Well that was unexpected. The Seahawks were beaten by the Rams in every facet of the game as their promising season crashed down around them after a beat down by Los Angeles.
The Rams’ defense, ranked No. 1 during the regular season, was as advertised, and the Seahawks had no answers. The Rams shrugged off the loss of the certain defensive player of the year Aaron Donald, who left the game with 10 minutes to go in the third quarter, like they had lost a backup safety as they dominated play the entire game.
The Seahawks’ offense lacked imagination and consistency. Its slump in the second half of the season will occupy much of the offseason. The offensive line had its worst game of the year by a mile, unable to stop the Rams’ pressure even though they rarely blitzed. The linemen also committed several drive-crushing penalties. Russell Wilson was lackluster at best. There was no rhythm at all on offense, which makes you wonder about the play calling. A 2-for-14 showing on third downs added to the misery.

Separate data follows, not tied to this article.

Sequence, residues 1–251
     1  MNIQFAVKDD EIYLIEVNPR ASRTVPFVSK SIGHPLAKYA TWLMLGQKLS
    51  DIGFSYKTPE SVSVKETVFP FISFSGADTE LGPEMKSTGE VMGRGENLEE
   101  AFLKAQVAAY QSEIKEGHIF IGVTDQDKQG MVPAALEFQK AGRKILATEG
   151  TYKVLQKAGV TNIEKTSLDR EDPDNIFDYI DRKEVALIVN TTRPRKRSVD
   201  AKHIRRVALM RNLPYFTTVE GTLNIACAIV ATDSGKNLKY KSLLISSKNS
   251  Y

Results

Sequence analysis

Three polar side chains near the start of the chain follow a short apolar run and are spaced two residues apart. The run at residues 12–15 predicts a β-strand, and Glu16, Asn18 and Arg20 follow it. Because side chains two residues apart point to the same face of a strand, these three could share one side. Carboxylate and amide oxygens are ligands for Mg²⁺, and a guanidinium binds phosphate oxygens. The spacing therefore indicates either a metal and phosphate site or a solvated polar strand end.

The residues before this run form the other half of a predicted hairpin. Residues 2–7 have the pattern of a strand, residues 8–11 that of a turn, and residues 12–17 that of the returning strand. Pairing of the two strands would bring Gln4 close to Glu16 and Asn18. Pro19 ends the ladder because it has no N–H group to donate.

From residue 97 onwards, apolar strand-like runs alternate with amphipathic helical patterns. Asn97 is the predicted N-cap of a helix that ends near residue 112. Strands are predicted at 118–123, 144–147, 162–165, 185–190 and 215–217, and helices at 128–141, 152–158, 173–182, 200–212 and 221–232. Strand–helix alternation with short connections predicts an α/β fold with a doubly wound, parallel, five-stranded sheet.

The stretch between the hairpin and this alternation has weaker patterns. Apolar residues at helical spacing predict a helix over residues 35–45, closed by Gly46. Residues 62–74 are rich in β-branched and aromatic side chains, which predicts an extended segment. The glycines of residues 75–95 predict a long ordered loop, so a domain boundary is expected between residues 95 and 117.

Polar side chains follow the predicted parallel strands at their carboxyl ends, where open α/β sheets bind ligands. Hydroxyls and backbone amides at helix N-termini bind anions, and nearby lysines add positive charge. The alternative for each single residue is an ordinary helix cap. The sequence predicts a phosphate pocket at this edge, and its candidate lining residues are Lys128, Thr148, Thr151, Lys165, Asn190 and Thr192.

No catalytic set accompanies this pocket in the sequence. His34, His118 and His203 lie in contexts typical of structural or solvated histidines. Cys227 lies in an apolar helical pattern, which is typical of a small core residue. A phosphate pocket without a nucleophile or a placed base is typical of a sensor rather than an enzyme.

The defense wasn’t as bad but the Rams did run for 164 yards despite the fact that their passing game was nonexistent the first 2 1/2 quarters. They did an OK job on third down.
A long, turbulent offseason is to come despite the fact that the Hawks won 12 games. As I said in this space last week, the Seahawks judge their season by postseason success. By that standard, this year was a failure.
D.J. Wilder – Producer, Danny and Gallant
The Seahawks were a 12-win team, and this loss makes it feel like the emptiest 12-win season that we’ve seen in a long time.
The worries that we all had about the offense since the halfway point finally came back to bite the Seahawks at the worst possible time. Even when All-Universe Rams defensive tackle Aaron Donald left the game, the Seahawks’ offense still couldn’t get going, proving that it was never going to be their day.
I caution anybody who thinks Pete Carroll is the only one to blame for the offense going in the toilet. Here’s a look at Russell Wilson’s season:
• Games 1-8: 2,541 yards, 28 TDs, 8 interceptions, 71% completion, 117.1 rating
• Games 9-16: 1,671 yards, 12 TDs, 5 INTs, 66.3% completion, 91.3 rating
• Saturday: 11-27, 174 yards, 2 TDs, 1 interception, 72.2 rating
This is the fifth straight postseason appearance where the Seahawks’ offense has gotten off to a slow start and cost them from moving on. It might be time to look in the mirror and figure out how to get this offense to take the next step.